I sometimes feel, living in our little outcrop of rock in the middle of the North Sea that other countries have so much more nature than we have. You know, America’s Rocky Mountains, the brilliant white beaches of Australia, the myriad species of the Galapagos Islands. Now, trust me, this isn’t a ‘move over David Attenborough’ moment. More a case of wanting to feel some communion with the great outdoors. And preferably without getting on a plane and pumping vast amounts of CO2 into our already overloaded skies.
And before y’all living in Wales or Scotland or even my neighbours in the Peak District of Derbyshire protest indignantly that we have plenty of nature, thank you, I know. I’ve just been feeling a teeny bit housebound and wanting to talk to a few squirrels. I regularly read other writers' blogs and feel more than a twinge of envy when they say they step out of their front door of a morning and take a mountain hike for a couple of hours, before returning, much refreshed to write ten thousand words before coffee.
Anyway. To scratch this itch, we decided to book a break at Centre Parcs, a short drive from our front door where you have the promise of four days living the life of a simple crofter in a cabin in the woods. Apparently the first Centre Parcs was set up in Holland in 1968 by Dutch entrepreneur Piet Derksen who owned a sports shop. Being somewhat socially minded, he erected a few small tents in the woods behind the shop so that his workers and their families could have a family holiday. The idea soon caught on and so he upgraded to bungalows built around a central square with a few amenities. He sat down and thought, ‘I know. I’ll call it Centre Parcs’ and in time, people will pay exorbitant sums of money after a global pandemic to come and stay as there isn’t anywhere else to go, but at least they will feel they are getting away from it all and communing with nature.’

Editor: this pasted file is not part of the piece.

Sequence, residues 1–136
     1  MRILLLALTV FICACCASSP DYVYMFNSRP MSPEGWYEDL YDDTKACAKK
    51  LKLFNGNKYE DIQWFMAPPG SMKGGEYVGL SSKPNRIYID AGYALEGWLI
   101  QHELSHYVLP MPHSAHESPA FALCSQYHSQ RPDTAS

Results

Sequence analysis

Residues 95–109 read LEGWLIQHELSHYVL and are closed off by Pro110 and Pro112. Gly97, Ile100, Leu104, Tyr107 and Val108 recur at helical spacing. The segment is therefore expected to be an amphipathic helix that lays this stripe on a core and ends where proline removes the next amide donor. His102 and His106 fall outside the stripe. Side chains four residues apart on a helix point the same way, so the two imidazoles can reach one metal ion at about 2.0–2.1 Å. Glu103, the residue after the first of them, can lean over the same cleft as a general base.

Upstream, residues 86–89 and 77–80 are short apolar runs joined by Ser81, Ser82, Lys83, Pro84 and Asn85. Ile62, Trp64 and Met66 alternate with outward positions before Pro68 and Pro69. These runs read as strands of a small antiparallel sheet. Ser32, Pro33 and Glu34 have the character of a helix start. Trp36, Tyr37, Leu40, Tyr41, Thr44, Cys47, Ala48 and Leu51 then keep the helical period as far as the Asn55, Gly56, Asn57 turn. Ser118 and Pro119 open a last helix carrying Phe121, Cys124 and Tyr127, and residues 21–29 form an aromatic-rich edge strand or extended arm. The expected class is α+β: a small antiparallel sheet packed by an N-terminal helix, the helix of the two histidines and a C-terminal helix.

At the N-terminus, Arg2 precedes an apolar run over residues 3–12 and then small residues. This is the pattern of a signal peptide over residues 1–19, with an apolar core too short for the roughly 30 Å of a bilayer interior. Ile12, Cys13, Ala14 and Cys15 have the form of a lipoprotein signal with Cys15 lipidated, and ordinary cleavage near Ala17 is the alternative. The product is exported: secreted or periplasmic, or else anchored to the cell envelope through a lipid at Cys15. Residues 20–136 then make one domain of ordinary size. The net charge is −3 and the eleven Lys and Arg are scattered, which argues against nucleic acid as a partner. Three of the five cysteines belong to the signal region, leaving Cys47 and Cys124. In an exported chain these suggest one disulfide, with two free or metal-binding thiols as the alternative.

These first Centre Parcs therefore were trying to give people a well-rounded experience and tend to their social, physical, emotional – and – get this – spiritual needs. The early ones even had a church on site with Sunday services although they keep quiet about that now.
So we set ourselves up in our cabin in the woods, and were soon very busily communing with nature all over the place. The wildlife is so used to humans that they were soon hopping around our patio on the lookout for any crumbs from the table – small birds, big birds, ducks, squirrels, rabbits. In fact, it was such a Disney-esque tableau that I half expected them to strike up a number and start singing and dancing in a chorus line.
Now I know this is camping-lite with a capital ‘L’. There were no bears or mountain lions as far as I could see. We didn’t have to forage for kindling but put a log on the burner at night and stretched out (almost) under the stars. Cars are firmly parked for the duration and punters expected to walk or cycle everywhere, and although the site at only 400 acres is the equivalent to an Aussie’s backyard, it felt much more spacious. The forest around us afforded a dark cloak of protection, the tall trees, so much older than this latest incursion, sheltering us from the excesses of wind and rain.
This is what people want. And, shoot me down in flames if you like, it’s a form of spirituality. It’s acknowledging that there is something there, much bigger and more powerful than we are. We want to connect with this life-force, we want to communicate. We Christians call this ‘God’. Our God who loves us and who we can love back.
That’s why I think places like Centre Parcs are so hugely popular right now. A way of going to church without being in church. A way of exploring sensations and feelings crowded out by the pressures of ‘normal ‘life. A way of reflecting on another kind of life, a simpler, more contemplative way of being.
That’s what it was for us anyhow. And as a fledgling soon-to-be-noviced Franciscan, a firmly dyed-in-the-wool city girl who could hardly tell a sparrow from a starling two years ago, it was a time of understanding how wondrous God’s creation is, even without mountains and turtles. Just sleeping in the woods along with our furry and feathered friends, our brothers and sisters (according to the ‘Canticle of the Creatures’), gave me a such a sense of warmth and joy. (Less so Sister Spider who dropped in for a house call but I’m a work in progress. Francis would have made her welcome.)
My Franciscan journey is long and slow and exciting and revealing as I grow in both faith and trust. And gradually open myself to whatever God wants me to learn and do.
So we're booking to go again. In winter this time. There aren't any bears.